UAB neurosurgeon Kristen Riley, M.D., implanted the RNS system, developed by NeuroPace, into Conner’s brain. It includes an electrical generator, about the size of a flash drive, which is implanted in the skull. Electrodes are run to the locations in the brain known to cause seizures.
“It is designed to record a patient’s specific brain activity and recognize patterns that are associated with seizures,” said Riley, associate professor in the Department of Neurosurgery. “The RNS system then delivers stimulation in order to help modulate and control the seizures.”
Prior to receiving the RNS system, Conner experienced multiple semi-partial seizures every day, lasting anywhere from 10 seconds to more than a minute. When they hit, she lost all ability to function.
“It affected my motor function and sensory perception,” Conner said. “I couldn’t tell where my hand was, for instance. I couldn’t even do simple functions such as open a door because my body wouldn’t respond. It was as if I’d forgotten how to do it.”
A month after the surgery, UAB neurologist Neil Billeaud, M.D., turned on the device. At a follow-up visit 30 days later, Conner reported dramatic improvement.
“I used to have several seizures every day; but now that I have the stimulator, I get a little flash, maybe once every other day,” she said. “The flash lasts just a second or two and then it’s gone.”
The RNS system is constantly recording Conner’s brain activity, and the data is downloaded to a laptop computer. If Conner says she had a flash last week, Billeaud can pinpoint the specific time and see what brain activity was occurring. As the system learns more about specific patterns that indicate a seizure is likely, Billeaud can tweak the parameters to make the RNS system even more effective in controlling seizures.
Jerzy Szaflarski, M.D., Ph.D., professor in the Department of Neurology and director of the UAB Epilepsy Center, says data from research studies dating back several years indicate that many patients will respond to the stimulation and have significant reduction in their seizures.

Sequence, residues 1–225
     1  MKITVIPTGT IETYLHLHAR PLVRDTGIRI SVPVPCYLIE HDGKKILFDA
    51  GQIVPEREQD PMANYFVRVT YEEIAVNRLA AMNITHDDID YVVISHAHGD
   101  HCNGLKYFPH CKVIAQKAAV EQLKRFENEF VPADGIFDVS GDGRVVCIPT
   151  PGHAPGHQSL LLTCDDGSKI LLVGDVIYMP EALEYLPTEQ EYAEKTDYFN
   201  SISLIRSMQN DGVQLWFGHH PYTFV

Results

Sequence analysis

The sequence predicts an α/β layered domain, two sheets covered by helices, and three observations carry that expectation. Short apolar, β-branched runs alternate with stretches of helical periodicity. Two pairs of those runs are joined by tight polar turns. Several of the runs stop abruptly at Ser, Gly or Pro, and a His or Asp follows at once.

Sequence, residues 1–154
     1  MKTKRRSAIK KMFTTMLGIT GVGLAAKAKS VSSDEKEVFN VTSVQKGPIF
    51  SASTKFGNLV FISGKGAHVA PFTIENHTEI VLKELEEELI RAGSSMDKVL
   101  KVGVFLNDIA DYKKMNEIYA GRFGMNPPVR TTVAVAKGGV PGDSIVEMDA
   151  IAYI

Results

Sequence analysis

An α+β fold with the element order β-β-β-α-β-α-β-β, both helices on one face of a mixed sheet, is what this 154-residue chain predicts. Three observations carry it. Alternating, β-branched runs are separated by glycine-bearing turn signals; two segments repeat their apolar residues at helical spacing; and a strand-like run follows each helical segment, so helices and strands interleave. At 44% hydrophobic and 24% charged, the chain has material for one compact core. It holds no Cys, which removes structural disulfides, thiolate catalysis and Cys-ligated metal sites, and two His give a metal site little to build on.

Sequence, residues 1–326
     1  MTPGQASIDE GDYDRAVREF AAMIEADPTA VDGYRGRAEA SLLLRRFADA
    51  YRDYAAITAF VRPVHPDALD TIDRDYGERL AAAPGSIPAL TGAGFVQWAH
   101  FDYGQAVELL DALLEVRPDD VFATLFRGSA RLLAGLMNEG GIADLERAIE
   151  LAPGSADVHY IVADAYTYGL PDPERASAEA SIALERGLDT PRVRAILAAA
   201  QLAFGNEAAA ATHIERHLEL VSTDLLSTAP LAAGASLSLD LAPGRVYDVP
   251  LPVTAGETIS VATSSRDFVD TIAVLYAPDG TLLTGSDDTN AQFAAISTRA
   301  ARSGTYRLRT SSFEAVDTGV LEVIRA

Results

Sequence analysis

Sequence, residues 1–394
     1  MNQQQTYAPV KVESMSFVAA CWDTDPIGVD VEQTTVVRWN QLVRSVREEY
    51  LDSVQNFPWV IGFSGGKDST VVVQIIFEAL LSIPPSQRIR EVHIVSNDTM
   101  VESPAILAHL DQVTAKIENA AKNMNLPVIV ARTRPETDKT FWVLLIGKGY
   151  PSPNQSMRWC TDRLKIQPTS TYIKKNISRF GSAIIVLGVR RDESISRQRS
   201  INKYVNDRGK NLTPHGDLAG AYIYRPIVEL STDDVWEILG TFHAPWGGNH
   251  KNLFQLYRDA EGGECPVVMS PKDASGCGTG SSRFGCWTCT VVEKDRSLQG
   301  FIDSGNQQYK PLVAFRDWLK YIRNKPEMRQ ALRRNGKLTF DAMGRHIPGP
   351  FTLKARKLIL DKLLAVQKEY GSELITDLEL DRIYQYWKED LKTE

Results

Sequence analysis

“This is not a treatment that will cure epilepsy,” he said. “This is a treatment that will help control seizures in a very specific group of patients who otherwise are not candidates for surgery. I don’t expect too many patients to become seizure-free; but if we can decrease their seizures by even half, we can make huge improvements in their lives.”
Conner agrees. She is working on a degree in elementary education and had episodes in the past in which she had a seizure while student-teaching. The reduction in seizures will give her more independence.
“I’ll be able to do more,” Conner said. “For instance, I’ll be able to drive. I’m 24, and I’ve never driven a car. The big hindrance with the seizures was that, when they hit, I couldn’t function and was unable to do anything. Now I simply feel this flash, and then it goes away without affecting my motor function.”
The RNS system is for patients who have severe seizures but do not respond to medications and are not candidates for surgery because the location of their seizure onset is at a sensitive part of the brain. It is also only for patients whose seizure onset can be traced to just one or two locations in the brain.
“We’re very excited to offer this therapy to our patients who are not candidates for more traditional therapies for epilepsy,” Szaflarski said. “We see multiple patients like that every year, and the RNS system could make a huge difference in the lives of those patients. There is already data to show that the quality of life of those patients has improved significantly with RNS.”
Stimulating nerves in your ear could improve the health of your heart, researchers have discovered.
A team at the University of Leeds used a standard TENS machine like those designed to relieve labour pains to apply electrical pulses to the tragus, the small raised flap at the front of the ear immediately in front of the ear canal.
The stimulation changed the influence of the nervous system on the heart by reducing the nervous signals that can drive failing hearts too hard.
Professor Jim Deuchars, Professor of Systems Neuroscience in the University of Leeds’ Faculty of Biological Sciences, said: “You feel a bit of a tickling sensation in your ear when the TENS machine is on, but it is painless. It is early days-so far we have been testing this on healthy subjects-but we think it does have potential to improve the health of the heart and might even become part of the treatment for heart failure.”
The researchers applied electrodes to the ears of 34 healthy people and switched on the TENS (Transcutaneous electrical nerve stimulation) machines for 15-minute sessions. They monitored the variability of subjects’ heartbeats and the activity of the part of the nervous system that drives the heart. Monitoring continued for 15 minutes after the TENS machine was switched off. (more…)